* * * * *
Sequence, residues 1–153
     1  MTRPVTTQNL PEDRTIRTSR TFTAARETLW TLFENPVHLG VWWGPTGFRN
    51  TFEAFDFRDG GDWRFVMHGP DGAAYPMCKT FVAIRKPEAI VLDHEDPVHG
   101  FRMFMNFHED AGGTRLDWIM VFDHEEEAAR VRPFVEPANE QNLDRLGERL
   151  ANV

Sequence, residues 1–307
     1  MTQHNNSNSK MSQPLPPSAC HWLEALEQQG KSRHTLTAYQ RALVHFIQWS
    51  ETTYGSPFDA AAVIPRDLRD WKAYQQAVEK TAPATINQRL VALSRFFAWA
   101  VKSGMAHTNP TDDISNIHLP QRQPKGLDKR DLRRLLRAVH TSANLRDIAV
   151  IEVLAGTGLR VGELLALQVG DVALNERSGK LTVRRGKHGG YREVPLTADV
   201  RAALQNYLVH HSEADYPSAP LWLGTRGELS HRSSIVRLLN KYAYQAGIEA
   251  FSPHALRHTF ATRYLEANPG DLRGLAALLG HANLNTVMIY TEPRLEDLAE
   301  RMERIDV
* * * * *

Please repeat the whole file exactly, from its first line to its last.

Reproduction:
Sequence, residues 1–153
     1  MTRPVTTQNL PEDRTIRTSR TFTAARETLW TLFENPVHLG VWWGPTGFRN
    51  TFEAFDFRDG GDWRFVMHGP DGAAYPMCKT FVAIRKPEAI VLDHEDPVHG
   101  FRMFMNFHED AGGTRLDWIM VFDHEEEAAR VRPFVEPANE QNLDRLGERL
   151  ANV

Sequence, residues 1–307
     1  MTQHNNSNSK MSQPLPPSAC HWLEALEQQG KSRHTLTAYQ RALVHFIQWS
    51  ETTYGSPFDA AAVIPRDLRD WKAYQQAVEK TAPATINQRL VALSRFFAWA
   101  VKSGMAHTNP TDDISNIHLP QRQPKGLDKR DLRRLLRAVH TSANLRDIAV
   151  IEVLAGTGLR VGELLALQVG DVALNERSGK LTVRRGKHGG YREVPLTADV
   201  RAALQNYLVH HSEADYPSAP LWLGTRGELS HRSSIVRLLN KYAYQAGIEA
   251  FSPHALRHTF ATRYLEANPG DLRGLAALLG HANLNTVMIY TEPRLEDLAE
   301  RMERIDV